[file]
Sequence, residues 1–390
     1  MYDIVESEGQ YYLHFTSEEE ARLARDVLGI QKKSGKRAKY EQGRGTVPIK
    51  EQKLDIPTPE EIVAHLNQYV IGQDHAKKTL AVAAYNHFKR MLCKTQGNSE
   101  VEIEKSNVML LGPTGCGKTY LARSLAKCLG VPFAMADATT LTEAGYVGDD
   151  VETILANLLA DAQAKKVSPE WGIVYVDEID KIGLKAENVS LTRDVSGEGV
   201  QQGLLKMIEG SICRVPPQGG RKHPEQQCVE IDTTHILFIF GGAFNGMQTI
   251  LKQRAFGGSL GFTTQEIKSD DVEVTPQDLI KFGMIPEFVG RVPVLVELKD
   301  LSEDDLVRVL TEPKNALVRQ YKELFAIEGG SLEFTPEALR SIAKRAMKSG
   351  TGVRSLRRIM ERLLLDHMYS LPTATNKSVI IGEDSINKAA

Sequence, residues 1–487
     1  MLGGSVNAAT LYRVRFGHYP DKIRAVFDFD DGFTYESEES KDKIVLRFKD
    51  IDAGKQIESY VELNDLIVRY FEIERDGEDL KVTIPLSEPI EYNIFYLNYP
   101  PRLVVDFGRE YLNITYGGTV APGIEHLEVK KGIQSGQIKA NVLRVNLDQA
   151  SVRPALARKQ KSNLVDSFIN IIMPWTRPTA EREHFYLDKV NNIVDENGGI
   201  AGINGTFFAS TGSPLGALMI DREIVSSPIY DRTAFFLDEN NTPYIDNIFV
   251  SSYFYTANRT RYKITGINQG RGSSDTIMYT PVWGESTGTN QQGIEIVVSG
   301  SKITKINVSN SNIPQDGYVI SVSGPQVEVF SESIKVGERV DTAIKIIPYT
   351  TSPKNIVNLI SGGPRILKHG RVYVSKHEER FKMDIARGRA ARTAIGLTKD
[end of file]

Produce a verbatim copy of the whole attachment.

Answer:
Sequence, residues 1–390
     1  MYDIVESEGQ YYLHFTSEEE ARLARDVLGI QKKSGKRAKY EQGRGTVPIK
    51  EQKLDIPTPE EIVAHLNQYV IGQDHAKKTL AVAAYNHFKR MLCKTQGNSE
   101  VEIEKSNVML LGPTGCGKTY LARSLAKCLG VPFAMADATT LTEAGYVGDD
   151  VETILANLLA DAQAKKVSPE WGIVYVDEID KIGLKAENVS LTRDVSGEGV
   201  QQGLLKMIEG SICRVPPQGG RKHPEQQCVE IDTTHILFIF GGAFNGMQTI
   251  LKQRAFGGSL GFTTQEIKSD DVEVTPQDLI KFGMIPEFVG RVPVLVELKD
   301  LSEDDLVRVL TEPKNALVRQ YKELFAIEGG SLEFTPEALR SIAKRAMKSG
   351  TGVRSLRRIM ERLLLDHMYS LPTATNKSVI IGEDSINKAA

Sequence, residues 1–487
     1  MLGGSVNAAT LYRVRFGHYP DKIRAVFDFD DGFTYESEES KDKIVLRFKD
    51  IDAGKQIESY VELNDLIVRY FEIERDGEDL KVTIPLSEPI EYNIFYLNYP
   101  PRLVVDFGRE YLNITYGGTV APGIEHLEVK KGIQSGQIKA NVLRVNLDQA
   151  SVRPALARKQ KSNLVDSFIN IIMPWTRPTA EREHFYLDKV NNIVDENGGI
   201  AGINGTFFAS TGSPLGALMI DREIVSSPIY DRTAFFLDEN NTPYIDNIFV
   251  SSYFYTANRT RYKITGINQG RGSSDTIMYT PVWGESTGTN QQGIEIVVSG
   301  SKITKINVSN SNIPQDGYVI SVSGPQVEVF SESIKVGERV DTAIKIIPYT
   351  TSPKNIVNLI SGGPRILKHG RVYVSKHEER FKMDIARGRA ARTAIGLTKD